Archive for May 2013
Many of you may or may not already be aware of the recent changes made to the MSI dental coverage for children. As of May 30, 2013, children will be covered for basic dental services up to the end of the month of their 14th birthday. This is a significant improvement over the previous age of 10!
Coverage for children has remain unchanged; i.e. children up to 14 will be covered for examination, 2 bitewing radiographs and one preventitive service per year. Children with a history of cavities (and subsequent fillings) will be covered for fluoride treatments twice per year. Restorative services are covered as per usual. Emergency treatments are often covered when accompanied by an explanation of the emergency service provided by the dentist.
Any children covered by another insurance provider(s) must have all claims submitted to the primary insurance provider(s) before being submitted to MSI. Any remainer may then be submitted to MSI. They will cover the co-pay portion of any services which they would normally cover. Parents will be responsible for balances on non-insured treatments only.
There are some services that will not be covered by MSI such as Panorex radiographs, extractions for orthodontic purposes, space maintainers (unless the total household income is below the specified criteria), etc. Often, the services covered by MSI are insufficient to completely provide children with the appropriate level of preventative care they require.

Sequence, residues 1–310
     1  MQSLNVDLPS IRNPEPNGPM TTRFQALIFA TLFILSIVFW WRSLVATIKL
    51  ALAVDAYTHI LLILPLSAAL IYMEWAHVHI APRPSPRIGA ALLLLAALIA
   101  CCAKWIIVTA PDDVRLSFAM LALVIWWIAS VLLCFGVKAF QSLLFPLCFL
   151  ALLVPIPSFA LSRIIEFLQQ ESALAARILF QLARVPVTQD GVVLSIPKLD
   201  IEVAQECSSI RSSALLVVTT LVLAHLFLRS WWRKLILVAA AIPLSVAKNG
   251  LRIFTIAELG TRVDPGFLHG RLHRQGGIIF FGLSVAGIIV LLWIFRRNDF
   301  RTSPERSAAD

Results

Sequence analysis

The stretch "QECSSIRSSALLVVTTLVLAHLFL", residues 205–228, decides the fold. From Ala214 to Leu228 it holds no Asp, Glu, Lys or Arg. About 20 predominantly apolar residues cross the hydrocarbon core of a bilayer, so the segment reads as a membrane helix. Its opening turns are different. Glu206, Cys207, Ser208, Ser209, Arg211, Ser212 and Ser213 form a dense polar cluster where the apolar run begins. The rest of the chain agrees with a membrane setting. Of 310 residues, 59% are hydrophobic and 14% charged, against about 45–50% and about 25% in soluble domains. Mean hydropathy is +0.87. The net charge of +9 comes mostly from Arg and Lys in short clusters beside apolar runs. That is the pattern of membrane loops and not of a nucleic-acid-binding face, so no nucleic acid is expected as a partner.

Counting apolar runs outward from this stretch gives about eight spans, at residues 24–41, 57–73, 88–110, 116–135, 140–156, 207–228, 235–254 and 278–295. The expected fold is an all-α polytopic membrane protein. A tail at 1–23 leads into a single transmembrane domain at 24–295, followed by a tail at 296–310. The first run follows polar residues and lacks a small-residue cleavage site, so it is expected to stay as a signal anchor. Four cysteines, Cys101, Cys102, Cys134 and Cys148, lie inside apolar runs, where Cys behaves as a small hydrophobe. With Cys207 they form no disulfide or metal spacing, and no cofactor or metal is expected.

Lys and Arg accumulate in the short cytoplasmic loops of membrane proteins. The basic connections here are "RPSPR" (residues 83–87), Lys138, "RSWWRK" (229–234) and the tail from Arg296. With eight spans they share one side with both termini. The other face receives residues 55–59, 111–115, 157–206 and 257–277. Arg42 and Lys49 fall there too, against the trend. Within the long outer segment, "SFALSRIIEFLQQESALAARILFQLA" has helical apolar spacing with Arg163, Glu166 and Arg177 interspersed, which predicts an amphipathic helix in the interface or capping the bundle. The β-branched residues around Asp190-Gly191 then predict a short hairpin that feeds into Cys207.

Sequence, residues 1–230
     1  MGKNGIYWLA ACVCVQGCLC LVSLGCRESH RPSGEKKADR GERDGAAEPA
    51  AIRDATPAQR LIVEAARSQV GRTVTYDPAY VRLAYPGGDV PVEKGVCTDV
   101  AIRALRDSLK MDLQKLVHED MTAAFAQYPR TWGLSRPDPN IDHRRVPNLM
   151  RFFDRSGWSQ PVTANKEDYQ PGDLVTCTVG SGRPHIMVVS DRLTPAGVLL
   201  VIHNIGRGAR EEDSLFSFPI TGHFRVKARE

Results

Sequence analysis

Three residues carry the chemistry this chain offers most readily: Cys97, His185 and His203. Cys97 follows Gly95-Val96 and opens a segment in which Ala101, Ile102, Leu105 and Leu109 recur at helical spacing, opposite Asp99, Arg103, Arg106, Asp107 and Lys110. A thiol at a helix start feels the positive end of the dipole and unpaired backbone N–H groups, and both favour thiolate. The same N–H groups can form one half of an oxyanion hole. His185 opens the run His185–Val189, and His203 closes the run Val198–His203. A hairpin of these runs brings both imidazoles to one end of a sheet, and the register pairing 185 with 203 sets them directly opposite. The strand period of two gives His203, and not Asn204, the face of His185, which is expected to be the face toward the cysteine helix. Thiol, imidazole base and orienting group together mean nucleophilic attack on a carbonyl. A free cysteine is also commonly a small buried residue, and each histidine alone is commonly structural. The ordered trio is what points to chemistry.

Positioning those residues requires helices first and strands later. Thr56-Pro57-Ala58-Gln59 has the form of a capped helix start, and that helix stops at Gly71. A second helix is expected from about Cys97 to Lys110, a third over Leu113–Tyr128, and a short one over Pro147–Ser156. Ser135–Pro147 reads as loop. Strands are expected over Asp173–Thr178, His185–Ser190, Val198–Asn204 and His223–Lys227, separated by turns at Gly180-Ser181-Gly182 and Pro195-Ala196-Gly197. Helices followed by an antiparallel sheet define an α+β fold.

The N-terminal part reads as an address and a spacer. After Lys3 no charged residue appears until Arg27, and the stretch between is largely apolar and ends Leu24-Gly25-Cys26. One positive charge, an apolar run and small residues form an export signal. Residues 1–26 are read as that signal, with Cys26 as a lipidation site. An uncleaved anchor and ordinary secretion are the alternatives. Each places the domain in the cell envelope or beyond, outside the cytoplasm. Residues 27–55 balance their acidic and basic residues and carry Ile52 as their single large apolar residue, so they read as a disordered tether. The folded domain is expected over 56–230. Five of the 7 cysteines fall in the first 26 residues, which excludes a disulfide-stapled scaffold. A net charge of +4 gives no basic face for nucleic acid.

Despite the system's shortcomings, this is a siginificant improvement! This will increase the access to care for children into the teen years.
If you have any questions or concerns, please feel free to contact us at Basinview Dental Centre and we will be happy to explain the details of this program further.
Dr. Luke Haslam
This patient presented with a tooth that had fractured at the gumline and was hoping to have the tooth restored. Unfortunately, due to the extent of the fracture and the underlying caries (Cavity) that was the source of the fracture, the tooth was nonrestorable and required extraction.
The coronal portion of the tooth had fractured to the level of crestal bone. The patient had minimal discomfort due to a previous endodontic treatment completed on the tooth. Catastrophic failure of a restoration/ tooth such as this is often easily prevented by properly restoring the tooth with an appropriate full coverage restoration (i.e. crown).
A full thickness flap was raised to access the remaining tooth structure followed by a minor osteotomy. The remaining fragments of root structure were extracted and the site was closed with 4-0 chromic sutures. Once the site has healed, the patient plans to replace the missing tooth (and other missing teeth) with a removable partial denture.